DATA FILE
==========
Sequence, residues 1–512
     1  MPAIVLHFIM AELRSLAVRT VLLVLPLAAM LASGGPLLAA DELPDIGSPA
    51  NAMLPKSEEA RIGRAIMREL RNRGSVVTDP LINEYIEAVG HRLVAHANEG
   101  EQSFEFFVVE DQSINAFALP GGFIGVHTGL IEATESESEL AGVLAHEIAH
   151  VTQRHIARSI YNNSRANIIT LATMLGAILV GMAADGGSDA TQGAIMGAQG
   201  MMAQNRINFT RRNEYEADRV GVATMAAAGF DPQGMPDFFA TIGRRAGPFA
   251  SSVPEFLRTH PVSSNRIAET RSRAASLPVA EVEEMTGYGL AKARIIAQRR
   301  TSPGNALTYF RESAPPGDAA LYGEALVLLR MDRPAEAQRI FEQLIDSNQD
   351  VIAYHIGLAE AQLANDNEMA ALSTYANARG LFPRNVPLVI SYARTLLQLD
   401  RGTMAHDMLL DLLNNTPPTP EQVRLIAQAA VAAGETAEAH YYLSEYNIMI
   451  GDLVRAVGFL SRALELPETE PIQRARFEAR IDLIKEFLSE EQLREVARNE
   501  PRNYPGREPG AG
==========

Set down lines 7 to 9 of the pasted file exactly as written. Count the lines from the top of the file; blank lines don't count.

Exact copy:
   251  SSVPEFLRTH PVSSNRIAET RSRAASLPVA EVEEMTGYGL AKARIIAQRR
   301  TSPGNALTYF RESAPPGDAA LYGEALVLLR MDRPAEAQRI FEQLIDSNQD
   351  VIAYHIGLAE AQLANDNEMA ALSTYANARG LFPRNVPLVI SYARTLLQLD